Sometimes people just do nice things. Such was the case with Leslie Ching Allen who, upon reading of my extended stay in Seattle, suggested that we meet while I was in the area. Having not known her while at Punahou, this was an opportunity to make a new friend! How happy I am that Leslie reached out to me for, as our meeting would prove, we are classmates for whom the passing years have sent us down many of the same roads.
After graduation, Leslie moved from Hawaii’s sunny clime to Seattle’s rainy environs to attend the University of Washington along with several of our classmates (Carrie Chang-Talwar, Harvey Lung, Warren Chaiko, Ralph Aona, and Terri Kageyama, to name a few). She must have liked what she found there because she remained at Washington for law school and remains in Seattle to this day.
As Leslie explained it, pursuing a law career was not what she had set out to accomplish. Upon entering college, she enrolled in art classes, following an interest that had been sparked at Punahou. She loved the atmosphere of the studio and took a special interest in ceramics: even taking a semester to attend a special program at The Sun Valley Center for the Arts and Humanities (affiliated with Idaho State U) to hone her skills.
Real world considerations would intervene, however, causing Leslie to switch to an economics major that propelled her through the law school doors. That path would take her to a variety of life experiences including an internship with the Federal Trade Commission, clerking with a Hawaii law firm and a Washington State Court of Appeals judge, Seattle private practice work in commercial litigation and, for the last fifteen years, serving as a Disciplinary Counsel with the Washington State Bar Association. In this capacity she investigates, exonerates, prosecutes, and dismisses grievances that have been filed against attorneys licensed to practice in Washington state.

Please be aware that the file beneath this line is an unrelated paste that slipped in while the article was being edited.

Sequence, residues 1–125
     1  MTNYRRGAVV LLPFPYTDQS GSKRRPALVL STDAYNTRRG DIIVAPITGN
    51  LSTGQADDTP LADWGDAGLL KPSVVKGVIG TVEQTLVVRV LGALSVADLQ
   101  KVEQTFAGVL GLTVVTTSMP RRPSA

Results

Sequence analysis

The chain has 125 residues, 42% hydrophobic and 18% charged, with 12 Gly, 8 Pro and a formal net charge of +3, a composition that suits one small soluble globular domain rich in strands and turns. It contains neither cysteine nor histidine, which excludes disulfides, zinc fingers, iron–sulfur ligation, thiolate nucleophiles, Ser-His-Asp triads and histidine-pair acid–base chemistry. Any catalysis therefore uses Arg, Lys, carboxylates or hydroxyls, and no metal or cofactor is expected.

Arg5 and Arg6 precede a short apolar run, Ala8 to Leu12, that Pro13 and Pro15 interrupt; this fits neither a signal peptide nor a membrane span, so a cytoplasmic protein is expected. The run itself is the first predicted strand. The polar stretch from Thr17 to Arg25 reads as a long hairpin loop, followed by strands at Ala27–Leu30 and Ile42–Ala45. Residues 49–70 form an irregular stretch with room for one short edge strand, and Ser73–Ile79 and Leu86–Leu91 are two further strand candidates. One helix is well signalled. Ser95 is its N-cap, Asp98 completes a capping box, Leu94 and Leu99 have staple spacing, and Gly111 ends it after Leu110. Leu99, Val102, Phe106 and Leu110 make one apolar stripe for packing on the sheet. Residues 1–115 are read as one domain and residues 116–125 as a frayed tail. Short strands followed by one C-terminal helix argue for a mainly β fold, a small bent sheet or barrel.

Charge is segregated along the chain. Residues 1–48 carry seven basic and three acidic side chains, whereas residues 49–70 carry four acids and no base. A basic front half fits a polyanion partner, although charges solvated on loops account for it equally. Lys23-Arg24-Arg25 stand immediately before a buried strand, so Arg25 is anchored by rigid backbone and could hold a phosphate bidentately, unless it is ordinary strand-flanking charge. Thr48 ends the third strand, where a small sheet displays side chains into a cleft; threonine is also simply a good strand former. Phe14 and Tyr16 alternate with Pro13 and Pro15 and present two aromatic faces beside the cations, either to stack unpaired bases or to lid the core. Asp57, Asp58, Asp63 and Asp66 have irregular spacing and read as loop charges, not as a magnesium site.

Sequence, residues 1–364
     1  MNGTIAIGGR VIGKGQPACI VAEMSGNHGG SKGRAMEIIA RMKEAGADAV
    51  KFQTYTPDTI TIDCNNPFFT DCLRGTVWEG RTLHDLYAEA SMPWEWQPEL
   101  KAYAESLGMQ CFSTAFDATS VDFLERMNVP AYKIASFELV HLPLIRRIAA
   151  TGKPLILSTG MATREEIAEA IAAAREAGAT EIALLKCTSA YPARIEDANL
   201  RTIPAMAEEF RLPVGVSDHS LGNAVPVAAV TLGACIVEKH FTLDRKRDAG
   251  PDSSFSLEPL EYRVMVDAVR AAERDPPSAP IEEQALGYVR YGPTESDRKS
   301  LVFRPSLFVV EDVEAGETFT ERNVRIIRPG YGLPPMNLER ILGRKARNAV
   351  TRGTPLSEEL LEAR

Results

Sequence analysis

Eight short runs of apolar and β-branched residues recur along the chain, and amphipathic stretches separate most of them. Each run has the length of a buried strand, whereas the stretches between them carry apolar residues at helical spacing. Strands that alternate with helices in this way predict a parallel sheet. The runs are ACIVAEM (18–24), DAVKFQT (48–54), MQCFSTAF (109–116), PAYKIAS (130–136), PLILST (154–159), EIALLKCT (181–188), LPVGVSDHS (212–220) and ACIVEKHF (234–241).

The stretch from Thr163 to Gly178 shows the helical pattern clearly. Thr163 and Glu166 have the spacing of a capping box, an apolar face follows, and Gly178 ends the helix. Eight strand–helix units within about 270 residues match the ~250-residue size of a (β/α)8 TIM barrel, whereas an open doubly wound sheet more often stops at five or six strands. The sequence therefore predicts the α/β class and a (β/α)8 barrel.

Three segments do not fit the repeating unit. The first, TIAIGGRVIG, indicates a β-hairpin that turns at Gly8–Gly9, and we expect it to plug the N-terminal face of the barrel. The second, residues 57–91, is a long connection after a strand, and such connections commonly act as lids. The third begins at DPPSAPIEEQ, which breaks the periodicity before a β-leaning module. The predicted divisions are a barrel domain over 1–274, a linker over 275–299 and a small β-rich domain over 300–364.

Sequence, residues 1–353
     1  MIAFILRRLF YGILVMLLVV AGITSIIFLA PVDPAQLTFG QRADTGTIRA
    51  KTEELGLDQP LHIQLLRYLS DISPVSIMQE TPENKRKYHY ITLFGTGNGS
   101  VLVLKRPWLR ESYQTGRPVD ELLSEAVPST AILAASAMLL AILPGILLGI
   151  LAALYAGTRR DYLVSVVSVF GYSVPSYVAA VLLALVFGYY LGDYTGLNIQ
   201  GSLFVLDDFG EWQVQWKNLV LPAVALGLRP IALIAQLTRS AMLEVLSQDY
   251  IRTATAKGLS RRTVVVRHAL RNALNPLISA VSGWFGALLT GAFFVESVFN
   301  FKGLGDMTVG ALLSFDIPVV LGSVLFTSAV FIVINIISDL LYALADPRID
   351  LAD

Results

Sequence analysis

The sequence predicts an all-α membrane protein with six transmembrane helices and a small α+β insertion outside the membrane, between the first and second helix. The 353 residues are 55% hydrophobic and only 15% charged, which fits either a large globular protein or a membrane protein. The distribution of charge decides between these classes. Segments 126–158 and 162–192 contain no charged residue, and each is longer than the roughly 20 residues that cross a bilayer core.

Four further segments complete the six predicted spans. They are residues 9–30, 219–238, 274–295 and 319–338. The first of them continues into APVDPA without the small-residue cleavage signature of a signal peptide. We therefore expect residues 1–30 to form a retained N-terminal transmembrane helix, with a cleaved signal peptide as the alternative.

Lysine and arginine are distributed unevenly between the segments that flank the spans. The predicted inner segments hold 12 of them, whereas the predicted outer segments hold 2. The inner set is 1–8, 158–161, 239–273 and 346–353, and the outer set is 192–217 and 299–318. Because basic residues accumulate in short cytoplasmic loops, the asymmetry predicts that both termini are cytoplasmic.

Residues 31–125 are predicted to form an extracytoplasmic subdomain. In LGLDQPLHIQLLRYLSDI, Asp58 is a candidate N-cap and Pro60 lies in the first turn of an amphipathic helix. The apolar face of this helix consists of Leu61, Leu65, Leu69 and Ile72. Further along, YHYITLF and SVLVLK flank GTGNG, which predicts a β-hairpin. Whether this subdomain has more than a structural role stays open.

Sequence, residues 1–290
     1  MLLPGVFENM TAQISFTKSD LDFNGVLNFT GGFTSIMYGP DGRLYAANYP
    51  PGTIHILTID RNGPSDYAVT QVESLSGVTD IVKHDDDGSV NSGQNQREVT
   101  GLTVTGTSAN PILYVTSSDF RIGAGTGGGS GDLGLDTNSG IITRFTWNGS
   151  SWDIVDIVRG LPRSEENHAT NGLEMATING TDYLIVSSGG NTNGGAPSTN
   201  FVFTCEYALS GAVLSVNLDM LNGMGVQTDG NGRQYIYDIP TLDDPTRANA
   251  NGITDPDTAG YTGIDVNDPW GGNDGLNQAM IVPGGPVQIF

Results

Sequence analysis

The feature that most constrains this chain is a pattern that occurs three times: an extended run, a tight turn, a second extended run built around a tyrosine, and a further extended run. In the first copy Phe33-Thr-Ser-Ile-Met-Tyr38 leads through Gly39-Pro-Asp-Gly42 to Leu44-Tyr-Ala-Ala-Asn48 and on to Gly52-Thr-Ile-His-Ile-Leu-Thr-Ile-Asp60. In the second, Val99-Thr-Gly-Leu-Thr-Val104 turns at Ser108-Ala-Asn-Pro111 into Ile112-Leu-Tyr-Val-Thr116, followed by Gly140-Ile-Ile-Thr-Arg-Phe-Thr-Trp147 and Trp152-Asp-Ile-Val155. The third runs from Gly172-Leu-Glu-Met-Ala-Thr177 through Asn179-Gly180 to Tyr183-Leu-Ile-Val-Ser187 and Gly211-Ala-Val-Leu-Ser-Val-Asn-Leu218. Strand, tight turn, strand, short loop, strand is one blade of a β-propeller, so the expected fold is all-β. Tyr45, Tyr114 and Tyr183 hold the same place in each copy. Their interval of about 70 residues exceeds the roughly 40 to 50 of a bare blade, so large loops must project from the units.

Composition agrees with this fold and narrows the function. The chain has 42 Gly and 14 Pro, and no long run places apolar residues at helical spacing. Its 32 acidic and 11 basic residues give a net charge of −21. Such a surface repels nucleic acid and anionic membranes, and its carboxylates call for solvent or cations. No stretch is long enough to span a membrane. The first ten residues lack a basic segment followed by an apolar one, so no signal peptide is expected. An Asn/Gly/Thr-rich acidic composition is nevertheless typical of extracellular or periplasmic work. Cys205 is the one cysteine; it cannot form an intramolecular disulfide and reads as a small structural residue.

Leslie was drawn to her Bar Association post for the opportunity it provided to do good work while allowing her the freedom to “go to soccer games and swim meets.” Much of this flexibility was spent on family. Son Nicholas recently graduated from the University of Puget Sound with a major in computer science. Daughter Alexis is a high school sophomore. But don’t think that all of that soccer game time was spent sitting in the stands. Leslie only recently retired from chasing down some of those soccer balls herself in a variety of Seattle area soccer leagues.
Despite the detours or career, family and soccer, Leslie never forgot her artistic proclivities and has nurtured these yearnings through embroidery, needlepoint, and knitting. While visiting with her, just as a guy might admire a vintage car, I couldn’t help but “ooh” and “ah” over her sewing room and the amazing sewing “toys” within. (Bernina, of course, but better than mine!) What she produces with her hands and these machines are incredible and exhibit the creative force that lies just outside her otherwise left brained responsibilities.
Leslie returns to Hawaii frequently to keep in touch with friends and her many family members. She counts many of our Punahou contemporaries as cousins. If you would like to contact her, please email her at firstname.lastname@example.org or “friend” her via facebook.